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AUS Tertiary Update Vol. 4, No. 45

In our lead story this week…..
A "bitter pill to swallow" is how the Association of University Staff (AUS) national president is describing the "generosity" of the Higher Salaries Commission (HSC) in announcing that MPs were to receive pay increases of up to 5%. Neville Blampied points out that until the late 1980s, when responsibility for setting academic salaries passed from the HSC to individual universities, the pay of a career-grade senior lecturer was benchmarked to that of a back-bench MP. In 1990, the base pay for an MP was $63,5000, while the senior lecturer received $61,000. In 2001, the MP's salary has risen to $90,500, while the senior lecturer is receiving only $70,200 as a result of a decade in which academic pay has failed to even keep up with inflation. "If the HSC had done no more than adjust academic pay for inflation over the past ten years, university staff would have collectively received $50m more in their pay packets than they have received," Mr Blampied says. "The gap between actual pay and what it would be if adjusted for inflation is now running at about $18m per annum. Mr Blampied is also calling for an urgent independent review of university pay levels and structures as recommended by the Tertiary Education Advisory Committee (TEAC) in its final report to government. "This should be a top priority for 2002," he says.

Also in Tertiary Update this week:
1. Staff vote 'yes' for strike action
2. New AUS President for 2002
3. Canterbury and Lincoln courting?
4. Consultation for Tertiary Education Strategy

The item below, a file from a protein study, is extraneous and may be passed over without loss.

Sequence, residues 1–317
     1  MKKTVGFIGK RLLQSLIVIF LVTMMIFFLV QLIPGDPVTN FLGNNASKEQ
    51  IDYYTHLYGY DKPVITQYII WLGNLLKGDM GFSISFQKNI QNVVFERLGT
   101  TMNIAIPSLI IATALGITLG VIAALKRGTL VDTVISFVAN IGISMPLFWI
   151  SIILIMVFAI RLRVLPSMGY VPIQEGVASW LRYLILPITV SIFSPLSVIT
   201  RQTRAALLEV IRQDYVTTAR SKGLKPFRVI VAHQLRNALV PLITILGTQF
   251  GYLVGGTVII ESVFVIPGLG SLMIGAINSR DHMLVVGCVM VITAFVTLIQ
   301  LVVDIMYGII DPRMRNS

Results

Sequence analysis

5. AUS 2002 subscriptions
6. Unitec tries another angle!
7. Hawaii union boss for GNS
8. A message from disgruntled AUS members
9. Season's Greetings

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Staff at six New Zealand universities have voted to strike in early March in protest at the pay offers being made by management. Staff at Waikato, Massey, Victoria, Canterbury, Lincoln and Otago have voted to hold a national strike on 4 March, followed by rolling stoppages the following week. Auckland University staff had earlier voted to accept their pay offer.

Dr Grant Duncan has been confirmed as AUS National President for 2002 at this month's Annual Conference in Wellington. He will take office on January 1. Dr Duncan – a senior lecturer in public policy at Massey, Albany – says there will be many challenges for AUS members in the coming year. "We will be actively engaging with Government over the substantial reforms of tertiary education that are in the pipeline, " he says.

Statements and announcements from both Canterbury and Lincoln Universities have indicated that some sort of further co-operation is in the wind, but whether or not it will be a full-scale marriage, or a rather looser relationship is not yet clear. The Vice-Chancellor of Lincoln University, Frank Wood has talked of "possible collaboration opportunities", while Canterbury Vice-Chancellor Darryl le Grew has said that "South Island universities such as Canterbury and Lincoln could be unified under the umbrella of a university system” and has referred to his vision of 'Rutherford University' in the south. Prof. le Grew has pointed out that his university already collaborates with Lincoln in areas such as forestry and engineering, but says the signals are now strong that the sector needs to look at new initiatives to "expand student opportunities" and rationalise provision of tertiary education. AUS Canterbury and Lincoln Branch Presidents, Maureen Montgomery and Jim McAloon, are to send a letter to the two VCs noting the consultation clauses in staff collective agreements and expect to be involved in the discussions.